Football Fans To Return to Stadium Under Falcon's Watch
Up to 20,000 fans will be able watch Egypt's upcoming world cup qualifier against Chad on November 17th. To ensure safety private security company Falcon, have been hired in hopes of putting an end to stadium disasters.
Egyptians facing football withdrawal will be happy to hear that Egyptian Football Association executive director, Tharwat Sweilam, has announced that up to 20,000 fans will be allowed to attend the Egypt-Chad World Cup qualifier.
The match is scheduled for November 17th and will take place at Borg al-Arab stadium. The news will surely be welcomed by fans, as many Egyptians have eagerly been awaiting the lifting of the ban on fans in stadiums. Tickets for the match will be made available for purchase starting November 9th, and already the president of the Egyptian Football Association is urging that 30,000 tickets be available.
When talking about football in Egypt, the elephant in the room will always be security. Egypt has a tragic track record of stadium disasters which has lead to the EFA and the Interior Ministry deciding to hold games behind closed doors shortly after the last year’s Air Defense stadium disaster where the breakdown in security left over 20 fans dead in a stampede sparked by the firing of tear gas by police.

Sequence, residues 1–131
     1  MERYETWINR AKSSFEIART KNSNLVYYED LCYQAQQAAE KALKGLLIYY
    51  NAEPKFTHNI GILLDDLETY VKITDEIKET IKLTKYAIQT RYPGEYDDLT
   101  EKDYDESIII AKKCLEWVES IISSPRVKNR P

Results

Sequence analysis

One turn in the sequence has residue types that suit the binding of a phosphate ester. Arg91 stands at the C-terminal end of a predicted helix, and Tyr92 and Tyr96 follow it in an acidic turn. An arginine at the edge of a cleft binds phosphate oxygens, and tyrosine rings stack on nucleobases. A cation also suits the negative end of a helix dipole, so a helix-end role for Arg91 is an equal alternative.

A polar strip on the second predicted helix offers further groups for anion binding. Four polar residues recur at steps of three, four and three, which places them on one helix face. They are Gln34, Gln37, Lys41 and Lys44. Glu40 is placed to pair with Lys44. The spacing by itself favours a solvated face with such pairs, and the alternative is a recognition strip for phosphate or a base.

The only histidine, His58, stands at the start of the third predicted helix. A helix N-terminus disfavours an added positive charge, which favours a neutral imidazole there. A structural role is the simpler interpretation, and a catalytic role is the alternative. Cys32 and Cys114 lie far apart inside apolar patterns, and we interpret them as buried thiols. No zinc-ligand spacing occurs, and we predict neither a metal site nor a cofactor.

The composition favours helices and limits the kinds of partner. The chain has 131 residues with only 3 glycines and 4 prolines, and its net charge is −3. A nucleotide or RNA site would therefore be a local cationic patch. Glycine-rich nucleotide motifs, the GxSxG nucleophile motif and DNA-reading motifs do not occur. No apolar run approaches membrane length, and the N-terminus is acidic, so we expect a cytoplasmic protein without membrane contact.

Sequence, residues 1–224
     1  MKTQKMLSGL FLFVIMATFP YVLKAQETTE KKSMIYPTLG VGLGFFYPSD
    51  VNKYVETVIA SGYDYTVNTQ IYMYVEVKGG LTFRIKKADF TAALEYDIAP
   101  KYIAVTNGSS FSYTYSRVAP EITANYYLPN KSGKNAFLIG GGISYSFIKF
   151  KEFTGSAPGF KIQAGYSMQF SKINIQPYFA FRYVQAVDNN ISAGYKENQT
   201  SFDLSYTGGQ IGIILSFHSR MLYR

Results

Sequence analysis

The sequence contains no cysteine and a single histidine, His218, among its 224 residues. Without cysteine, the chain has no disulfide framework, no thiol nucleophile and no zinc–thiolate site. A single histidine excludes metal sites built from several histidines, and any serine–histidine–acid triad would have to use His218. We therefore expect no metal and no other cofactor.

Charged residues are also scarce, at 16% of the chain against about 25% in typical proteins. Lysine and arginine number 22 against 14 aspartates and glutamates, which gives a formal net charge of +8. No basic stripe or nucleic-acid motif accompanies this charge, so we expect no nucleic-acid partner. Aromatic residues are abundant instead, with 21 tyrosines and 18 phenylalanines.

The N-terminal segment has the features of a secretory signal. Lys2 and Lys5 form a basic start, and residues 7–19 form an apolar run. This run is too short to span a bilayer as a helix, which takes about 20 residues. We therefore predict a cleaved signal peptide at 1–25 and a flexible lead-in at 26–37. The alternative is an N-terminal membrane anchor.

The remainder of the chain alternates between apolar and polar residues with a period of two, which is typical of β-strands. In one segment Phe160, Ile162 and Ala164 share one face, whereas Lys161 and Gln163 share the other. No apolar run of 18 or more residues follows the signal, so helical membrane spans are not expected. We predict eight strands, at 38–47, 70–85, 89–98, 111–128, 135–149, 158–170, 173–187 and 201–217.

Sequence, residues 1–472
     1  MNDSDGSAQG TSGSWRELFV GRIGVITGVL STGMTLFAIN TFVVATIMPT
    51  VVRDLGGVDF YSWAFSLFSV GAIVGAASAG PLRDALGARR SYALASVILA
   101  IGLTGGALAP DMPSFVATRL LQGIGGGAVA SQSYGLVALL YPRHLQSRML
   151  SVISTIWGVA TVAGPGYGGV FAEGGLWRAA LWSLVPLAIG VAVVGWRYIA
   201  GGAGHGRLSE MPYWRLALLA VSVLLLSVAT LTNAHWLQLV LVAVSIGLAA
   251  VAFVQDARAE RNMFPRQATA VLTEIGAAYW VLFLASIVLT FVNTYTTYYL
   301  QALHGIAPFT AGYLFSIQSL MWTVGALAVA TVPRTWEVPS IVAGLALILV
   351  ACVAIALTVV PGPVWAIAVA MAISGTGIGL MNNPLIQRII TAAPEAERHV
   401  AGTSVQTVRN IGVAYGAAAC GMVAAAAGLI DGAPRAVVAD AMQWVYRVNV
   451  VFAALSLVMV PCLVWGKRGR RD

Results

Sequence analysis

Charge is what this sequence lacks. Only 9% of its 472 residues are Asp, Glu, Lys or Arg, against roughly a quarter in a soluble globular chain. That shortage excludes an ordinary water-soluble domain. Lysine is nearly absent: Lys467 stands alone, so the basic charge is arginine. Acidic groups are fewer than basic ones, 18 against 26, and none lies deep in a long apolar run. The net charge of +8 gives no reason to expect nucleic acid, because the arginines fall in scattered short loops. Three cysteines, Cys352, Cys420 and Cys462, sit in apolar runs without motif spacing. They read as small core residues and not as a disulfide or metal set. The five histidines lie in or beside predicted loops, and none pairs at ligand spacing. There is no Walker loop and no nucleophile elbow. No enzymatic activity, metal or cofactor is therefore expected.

After the stadium disaster, the EFA announced they would develop a new system that will allow for the safe return of fans to stadiums. Finally, getting a little insight on what security changes are in store, the Egyptian Football Association announced they will hire Falcon company to secure the game, and are in discussion about providing security for all of next year’s football league games. Talking to Al-Masry Al-Youm, Sherif Khaled, CEO of Falcon, explained that matches will be secured by both Falcon and the Interior Ministry, and that Falcon wouldn’t be paid for their services.
Falcon company is a private security company. The only changes to security mentioned so far is banning glass bottles, only allowing flags made of plastic, installing surveillance camera to monitor potential rioters. Unclear is how Falcon company will be held accountable if they fail to provide security, because as it stands the whole system needs a complete overhaul starting with training security personnel on the code of conduct as opposed to having a new scapegoat to blame.
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